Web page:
When you read or hear about stocks mentioned in the media or over the water cooler, people are generally talking about common shares, which give investors an ownership interest in a company. Investors can buy common shares on stock exchanges, or through private placements. Investors can also purchase a company’s dividend and receives priority over common shares. Owners have limited or no voting rights.’]preferred shares[/simple_tooltip], and in Canada, flow-through shares.
Before purchasing shares that trade on a stock exchange, you will typically need to open a trading account with a registered investment firm. To find out more about the types of accounts available to you, visit our Investment Accounts section.
Types of Shares
This type of share represents an ownership interest in a company. As an owner, you share in the company’s success and failure. Unless specifically stated, common shares give you the right to vote for the directors who will be elected to sit on the company’s board of directors and to vote on other significant corporate decisions. Shares described as non-voting or restricted voting shares do not have these rights.
This is a type of common share issued only in Canada by oil and gas or mineral exploration companies. These shares allow you to claim federal, and sometimes provincial, tax deductions or credits. The company will likely charge you a higher price for a flow-through share than for its common shares. This reflects the tax benefit you’ll receive.
This is a type of investment with features that make it partly like debt (fixed income investments) and partly like equity investments (potential appreciation). Preferred shares entitle you to receive dividends before the company can pay dividends to investors who hold common shares, but they do not entitle you to elect directors or vote on other corporate decisions. Preferred shares also provide priority over common shareholders to the company’s assets in the event that the company goes into bankruptcy.
There are many different terms attached to preferred shares. Make sure you understand the various special benefits and the restrictions for any preferred shares you buy.
What Risks do They Have?
These are medium- to very high-risk investments. Risk depends on many things, including the size, profitability, and financial stability of the company; the skills of its management; and general economic conditions. Share price fluctuation is a risk – you’ll lose money if you sell at that lower value. Furthermore, if the company fails, you’ll almost certainly lose your investment, and receive no returns.
Some shares that do not trade on a stock market may trade on the OTC Bulletin Board or similar market. They come with additional risks, such as lack of exchange oversight.
There is additional risk that the company may not meet the strict government requirements to offer flow-through expenses to you. If that happens, you may not be able to claim the tax deductions that you expected or the CRA may reassess your return. In that case, you may have to pay back taxes, potentially many years after you made the investment.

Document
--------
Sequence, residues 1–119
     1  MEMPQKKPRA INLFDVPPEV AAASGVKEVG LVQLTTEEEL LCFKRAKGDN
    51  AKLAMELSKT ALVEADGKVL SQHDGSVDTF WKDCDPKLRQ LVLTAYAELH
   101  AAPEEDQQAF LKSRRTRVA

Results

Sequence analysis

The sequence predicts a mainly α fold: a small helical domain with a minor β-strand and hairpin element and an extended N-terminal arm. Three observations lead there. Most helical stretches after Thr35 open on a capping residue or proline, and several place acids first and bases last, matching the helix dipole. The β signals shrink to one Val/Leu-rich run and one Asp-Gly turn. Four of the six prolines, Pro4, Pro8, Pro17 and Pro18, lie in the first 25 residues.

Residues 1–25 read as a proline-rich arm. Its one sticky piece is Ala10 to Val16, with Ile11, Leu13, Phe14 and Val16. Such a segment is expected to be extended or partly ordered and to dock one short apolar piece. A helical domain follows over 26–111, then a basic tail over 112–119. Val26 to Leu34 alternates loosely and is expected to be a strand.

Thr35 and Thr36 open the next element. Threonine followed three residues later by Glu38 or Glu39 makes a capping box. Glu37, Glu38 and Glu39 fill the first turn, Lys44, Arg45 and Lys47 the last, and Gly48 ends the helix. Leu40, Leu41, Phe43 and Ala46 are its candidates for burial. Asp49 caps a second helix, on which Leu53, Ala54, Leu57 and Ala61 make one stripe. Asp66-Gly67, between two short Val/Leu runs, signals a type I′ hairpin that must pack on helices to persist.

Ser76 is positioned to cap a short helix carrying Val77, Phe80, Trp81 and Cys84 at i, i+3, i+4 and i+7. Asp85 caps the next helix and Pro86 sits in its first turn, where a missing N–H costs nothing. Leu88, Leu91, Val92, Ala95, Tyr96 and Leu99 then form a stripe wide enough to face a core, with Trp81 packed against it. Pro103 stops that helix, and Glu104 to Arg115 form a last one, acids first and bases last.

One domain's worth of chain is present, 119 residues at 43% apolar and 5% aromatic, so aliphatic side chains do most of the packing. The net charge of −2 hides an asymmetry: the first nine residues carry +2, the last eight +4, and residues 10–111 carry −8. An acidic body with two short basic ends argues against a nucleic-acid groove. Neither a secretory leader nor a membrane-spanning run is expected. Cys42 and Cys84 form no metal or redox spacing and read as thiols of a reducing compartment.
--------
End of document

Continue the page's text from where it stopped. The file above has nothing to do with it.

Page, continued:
When you sell flow-through shares, the CRA will require you to pay tax on the total sale price. This is because you were able to claim the full amount of your purchase price as a tax deduction.
Preferred shares are slightly less risky than common shares. The price of a preferred share won’t fluctuate as much as a common share. However, if the company starts to fail, you won’t be in a position to influence the company because you don’t have voting rights.
Can You Sell Them Easily?
It depends. The common shares of major companies on a stock exchange generally have a large number of buyers and sellers and you may sell your shares at any time, during stock market hours and at a published price. Some listed companies trade infrequently so you may need to wait or reduce your price to sell. If the shares trade on an over-the-counter market, it may be harder to find a buyer for the shares you are trying to sell.
Shares purchased in a private placement are subject to a hold period during which you generally cannot sell. If you take advantage of the tax deductions and/or tax credit on flow-through shares, you will also be subject to a holding period of at least 18 to 24 months.
What are the Associated Costs?
The only cost of investing in shares is paying a purchase or sale commission or paying a fee to your advisor to manage your account. There should be no ongoing costs.
What are the Expected Types of Returns?
There are two ways to make money on common and preferred shares: dividends and/or selling them in the market for a profit. Flow-through shares can make money on price appreciation and tax deductions.
Dividends can be paid in the form of cash or additional stock in the company. If a company has preferred shares, it must pay profits to these shareholders first before it can pay a common share dividend. Earning dividends over time can increase your profits.
Another way to make money on common shares is to sell them for a profit. This approach can be risky and usually requires greater knowledge, experience, and more time than the average investor has. A registered investment advisor can help you buy and sell your shares, and should work with you on strategies that fit your needs and risk tolerance.
You’ll earn capital gains if you sell your shares for more than what you paid for them, or capital losses if you have to sell your shares when the price has declined.